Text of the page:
By Jenny MacInnes (she/her)
CW: brief mention of death/dying and domestic abuse
Now that we are on the road out of the pandemic with rules being taken away, restrictions becoming more lenient and, of course, the vaccine, each of us can look back over the past year or so and feel an overwhelming surge of emotions. One thing I think we can all agree on is that lockdown definitely isn’t something we wish to do again, but in a strange way
March 2020 has become an iconic time within pop culture and general history as the month the whole world “shut down”. Streets were empty, people were bulk buying toilet paper and we were having a two week break from civilization. We were all naïve to what was coming. Maybe we were intrigued by the somewhat dystopian feel to our lives. Maybe we were suppressing the unnerving feeling of coming to terms with a disease rapidly making its way around the globe. I mean, we had been making jokes about this earlier in the year, surely there was no way it could really be that serious?
But seeing pictures of Times Square completely deserted, seeing lines up the streets simply to get into the supermarket and having to sit at opposite sides of the street to have a conversation with your friend did a good job at confirming our then-current state.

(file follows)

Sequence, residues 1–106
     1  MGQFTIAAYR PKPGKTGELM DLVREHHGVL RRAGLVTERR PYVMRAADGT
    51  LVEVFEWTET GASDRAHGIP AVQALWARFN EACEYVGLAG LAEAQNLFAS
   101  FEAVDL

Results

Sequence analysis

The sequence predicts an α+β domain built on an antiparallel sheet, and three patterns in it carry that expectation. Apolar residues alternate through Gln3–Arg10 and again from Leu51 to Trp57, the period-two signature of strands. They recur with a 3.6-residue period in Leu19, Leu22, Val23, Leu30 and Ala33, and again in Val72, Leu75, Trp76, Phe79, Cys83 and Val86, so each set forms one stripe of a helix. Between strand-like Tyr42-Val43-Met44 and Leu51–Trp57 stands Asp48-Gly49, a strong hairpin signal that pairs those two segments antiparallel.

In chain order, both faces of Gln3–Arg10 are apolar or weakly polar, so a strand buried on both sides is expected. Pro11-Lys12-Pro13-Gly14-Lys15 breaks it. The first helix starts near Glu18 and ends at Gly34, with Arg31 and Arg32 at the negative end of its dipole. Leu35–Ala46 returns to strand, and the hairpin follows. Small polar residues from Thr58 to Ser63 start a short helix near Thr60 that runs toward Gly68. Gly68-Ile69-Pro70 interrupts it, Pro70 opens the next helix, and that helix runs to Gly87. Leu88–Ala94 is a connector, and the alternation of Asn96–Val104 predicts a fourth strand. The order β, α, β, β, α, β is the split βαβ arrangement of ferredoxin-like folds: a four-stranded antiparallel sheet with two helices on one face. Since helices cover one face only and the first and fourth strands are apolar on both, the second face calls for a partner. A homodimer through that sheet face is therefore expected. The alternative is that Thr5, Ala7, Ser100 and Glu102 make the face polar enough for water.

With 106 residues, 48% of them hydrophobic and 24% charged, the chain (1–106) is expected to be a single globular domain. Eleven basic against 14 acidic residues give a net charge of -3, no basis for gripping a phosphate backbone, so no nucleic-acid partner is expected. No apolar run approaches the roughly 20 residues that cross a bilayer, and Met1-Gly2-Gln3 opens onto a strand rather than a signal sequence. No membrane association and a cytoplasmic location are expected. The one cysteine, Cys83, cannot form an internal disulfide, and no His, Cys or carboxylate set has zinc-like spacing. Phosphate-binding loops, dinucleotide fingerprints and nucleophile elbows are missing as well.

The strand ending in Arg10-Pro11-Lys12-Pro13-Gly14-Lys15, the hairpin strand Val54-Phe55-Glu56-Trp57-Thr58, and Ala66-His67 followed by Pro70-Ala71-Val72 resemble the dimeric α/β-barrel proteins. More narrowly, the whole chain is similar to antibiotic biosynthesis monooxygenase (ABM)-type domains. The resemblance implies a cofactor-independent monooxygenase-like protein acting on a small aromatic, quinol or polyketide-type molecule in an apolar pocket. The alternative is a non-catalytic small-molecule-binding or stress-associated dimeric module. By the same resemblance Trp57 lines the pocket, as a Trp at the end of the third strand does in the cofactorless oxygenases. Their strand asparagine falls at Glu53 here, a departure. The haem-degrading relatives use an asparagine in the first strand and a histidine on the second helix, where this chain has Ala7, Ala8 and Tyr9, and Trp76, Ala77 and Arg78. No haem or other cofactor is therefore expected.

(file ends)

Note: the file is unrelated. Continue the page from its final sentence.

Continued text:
So, we were going to be stuck in the house for a while. Netflix had just released Tiger King which would keep everyone entertained for a few days at least. We had just discovered Zoom, which led to Zoom quiz nights. Next, we were greeted with Instagram story tags like the 5K run – which I’m not convinced anyone actually did – and Animal Crossing re-entered everyone’s lives, hand in hand with finding comfort in old hobbies from our childhoods. Rereading Percy Jackson and rewatching Avatar the Last Airbender, it’s no wonder we feel so nostalgic for early lockdown when it embraced our nostalgia for childhood and those things that made us feel safe back then.
Lockdown reverted us back into the people we used to be, and with that it prompted a lot of self-growth. I think a significant part of the nostalgia we feel for this point in our lives is that most people experienced changes in themselves, mentally and physically. On one hand, there was a surge of optimistic self -improvement. Hundreds of thousands of people tuned in to daily Chloe Ting workouts and tried out Joe Wicks’ recipes, determined to use this time away from the world to reinvent themselves and re-enter feeling more confident. But on the other hand, people used this time away from social norms to reflect on themselves as people and figure out their true identities. So maybe, in a way, we are nostalgic for the people we were when we first entered the lockdown, because for many of us they are not the same people we are now.
An unusual, but fantastic sense of community emerged. Possibly for the first time ever, the media actively sought out good news stories of neighbours helping each other out,